Sanusi’s Case: Where does Jurisdiction lie?

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Suspended CBN Governor, Mallam Sanusi Lamido Sanusi

This morning, I had the pleasure of viewing a debate between 2 highly esteemed learned friends on social media. The subject being discussed was the recent ruling by a Federal High Court that it had no jurisdiction to entertain the case filed by suspended Central Bank Governor, Lamido Sanusi, challenging his suspension by the President. The court decided that the National Industrial Court was the proper forum, as the matter appeared more employer/employee than anything else, and ordered the case to be transferred accordingly.

Now, jurisdiction is perhaps the most fundamental issue in litigation. It goes to the heart and validity of any case. Anything done by a court in respect of a matter in connection to which it has no jurisdiction is a nullity. My first learned friend argued, as she had stated since the suit was initially filed, that only the NIC had jurisdiction. My second learned friend argued that certain provisions of the constitution nonetheless vested the FHC with jurisdiction. My first learned friend disagreed. So, what does the constitution say?

First of all, let us examine the section of the constitution advanced by my first learned friend in support of her argument; Section 254 C, which states –

254 C- (I)      Notwithstanding the provisions of sections 251, 257, 272 and anything contained in this Constitution and in addition to such other jurisdiction as may be conferred upon it by an Act of the National Assembly, the National Industrial Court shall have and exercise jurisdiction to the exclusion of any other court in civil causes and matters-

(a)      relating to or connected with any labour, employment, trade unions, industrial relations and matters arising from workplace, the conditions of service, including health, safety, welfare of labour, employee, worker and matters incidental thereto or connected therewith;

Is Sanusi’s suit in connection with employment? On the face of it, yes. Additionally, I emphasised certain keywords in the referenced section, whose importance you will see in the section of the constitution advanced by my second learned friend; Section 251, which states –

251(1) Notwithstanding anything to the contrary contained in this Constitution and in addition to such other jurisdiction as may be conferred upon it by an Act of the National Assembly, the Federal High Court shall have and exercise jurisdiction to the exclusion of any other court in civil causes and matters-

(r) any action or proceeding for a declaration or injunction affecting the validity of any executive or administrative action or decision by the Federal Government or any of its agencies;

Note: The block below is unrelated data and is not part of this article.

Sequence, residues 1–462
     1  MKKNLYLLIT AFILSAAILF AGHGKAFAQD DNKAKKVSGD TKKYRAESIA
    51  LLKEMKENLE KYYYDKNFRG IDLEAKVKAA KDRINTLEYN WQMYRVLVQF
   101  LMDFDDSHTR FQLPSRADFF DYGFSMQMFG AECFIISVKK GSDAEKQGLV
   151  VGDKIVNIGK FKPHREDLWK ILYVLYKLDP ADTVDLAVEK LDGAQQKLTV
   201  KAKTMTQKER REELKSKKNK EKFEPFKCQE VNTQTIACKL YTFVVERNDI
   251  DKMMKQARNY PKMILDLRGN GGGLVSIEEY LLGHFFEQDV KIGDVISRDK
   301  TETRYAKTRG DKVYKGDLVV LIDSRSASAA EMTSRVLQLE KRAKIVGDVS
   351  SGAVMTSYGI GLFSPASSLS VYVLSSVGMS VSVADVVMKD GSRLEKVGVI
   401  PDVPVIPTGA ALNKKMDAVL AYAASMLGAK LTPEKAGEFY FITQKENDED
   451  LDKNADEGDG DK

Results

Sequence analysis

Is Sanusi seeking a declaration affecting the validity of an action or decision by the President/Federal Government? Yes, he is. So you see the conundrum here. Both 251 and 254 are literally notwithstanding each other and yet appear to have “exclusive” jurisdiction over the subject matter of this lawsuit.

I don’t envy judges. Additionally, I am confused and unable to pitch my tent with either of my learned friends. What do you think?

 

 

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Presidential Media Chat: The Language Problem

The presidential media chat of the 4th of May 2014 was another opportunity for Nigerians to hear their president “unscripted”. As with most  media chats he has hosted since becoming president, yesterday’s also provided canon fodder for those looking for gaffes to fuel the next internet meme.

In his previous media chats, President Jonathan provided such timeless soundbites as “Stock market business is not a jackpot business”, “Wikileaks is just like a beer parlour gossip”, and “Libya is just like someone is carrying a pot of water on his head and it just fell and broke, GBOA.” When asked to comment on allegations of his wife being investigated for money laundering after reportedly being apprehended with $13million dollars at an airport, his response was “Have you seen $13m in cash? Is it something one person can carry? Can only you carry it?”

Last night, his response to a question on the claims by ousted CBN governor that $50billion in oil proceeds was unaccounted for, was first of all “Oil money gets missing in every administration.” Then, after some wiggling and wriggling, he concluded that “$50billion cannot be missing and America will not know. America will know. It is their money. Where will you keep $50billion dollars?” And this was after he relayed Sanusi’s claim that the money was missing from over 18 months’ proceeds.